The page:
Her attempts at the candied cakes have been beautiful but largely inedible, and she admits the etiquette part doesn't always fly. "I just can't seem to remember when to pour, or when to refill trays," Diane laments. Even her Springer Spaniels, Amy Charlotte and Copper Bob, don't get the manners thing. For example, they persist in sniffing no matter how often Diane tells them it's rude. "But," she reminds me, "Elaine is doing the cooking, and her cakes always turn out, and she is a perfect hostess. Absolutely perfect. I'm sure she's going to be the one who ends up looking good in this story."
Well . . . Elaine is a warm, gracious hostess, and her cooking is divine. She's had many years of practice--as a child on her family's farm, she preferred the chore of cooking to milking cows; she remembers having to stand on a high stool to fry eggs. At the University of Minnesota, she majored in foods and business, and for the past five years she worked as a chef and dietary supervisor at Point Pleasant Heights, an apartment complex for senior citizens. "I especially loved planning special-occasion meals," Elaine says. "I used fresh herbs and edible flowers from my gardens at home to make the meals stand out."
Menus for the Proper Teas are entirely flexible but typically a tea consists of several courses. Savory items include finger salads and seasonal delicacies such as daylilies stuffed with summer salads, vegetable tureens, and tea sandwiches. Sweets include scones with Devonshire cream and homemade jellies, lemon curd, tea cakes, and tarts. And, of course, teas.
Elaine and Diane serve the teas in the ornate dining room with the help of Alyssa, Diane's daughter-in-law, who is the mother of one-year-old Emma, the first Whiting grandchild. Alyssa also writes the mysteries, which take guests all over the house's three stories. Adults will find themselves oohing and aahing over the faded splendor of this turn-of-the-century home, but children will simply flip--this is the stuff seven-year-old girls' dreams are made of: lace and china, canopies and ribbon, old-fashioned hats and dresses hanging in a second-floor hallway, a tea set in every room--and permission to carefully traverse the entire house to solve the mystery.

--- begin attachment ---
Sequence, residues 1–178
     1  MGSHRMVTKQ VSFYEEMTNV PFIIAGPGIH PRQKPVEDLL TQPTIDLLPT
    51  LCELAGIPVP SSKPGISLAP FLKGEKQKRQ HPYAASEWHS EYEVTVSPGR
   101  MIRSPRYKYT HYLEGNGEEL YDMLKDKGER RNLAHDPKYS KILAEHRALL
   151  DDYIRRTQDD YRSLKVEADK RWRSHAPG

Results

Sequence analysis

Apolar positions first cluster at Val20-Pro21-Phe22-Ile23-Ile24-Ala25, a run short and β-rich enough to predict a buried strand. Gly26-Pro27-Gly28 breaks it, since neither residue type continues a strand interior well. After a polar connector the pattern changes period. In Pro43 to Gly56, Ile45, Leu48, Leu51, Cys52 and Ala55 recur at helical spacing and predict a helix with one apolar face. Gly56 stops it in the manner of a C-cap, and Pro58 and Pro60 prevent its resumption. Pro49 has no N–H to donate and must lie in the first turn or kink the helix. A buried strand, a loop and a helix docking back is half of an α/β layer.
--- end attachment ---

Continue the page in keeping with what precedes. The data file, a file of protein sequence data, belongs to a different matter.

"It's all a little tongue-in-cheek," says Diane. "It's meant to be fun, not stuffy--just over the top. People seem to like it. When we hosted one group of coworkers who were having some tensions, they said it was the only time they had ever laughed together. And the women's tea we had went over really well," Diane says. "They said they'd been to lots of different teas and this one was the best . . . but then again, they're my friends."
"It's just so wonderful to see moms, daughters, and grandmas enjoying an afternoon together," says Elaine. "And of course, seeing the groups of children having fun together. We love that."
Proper Teas may be scheduled for groups of ten to twelve; costs start at $20 per person for the tea and mystery. For more information or to make reservations, call Diane Whiting at (651) 257-4058.
Jeannine Ouellette Howitz is editor of Minnesota Parent. She readily admits a shameless bias throughout this story, as she has experienced the unparalleled pleasure of Elaine's Christmas cardamom bread for seven years, and, on a few lucky occasions, her incredible pies, pastries, and even crumpets.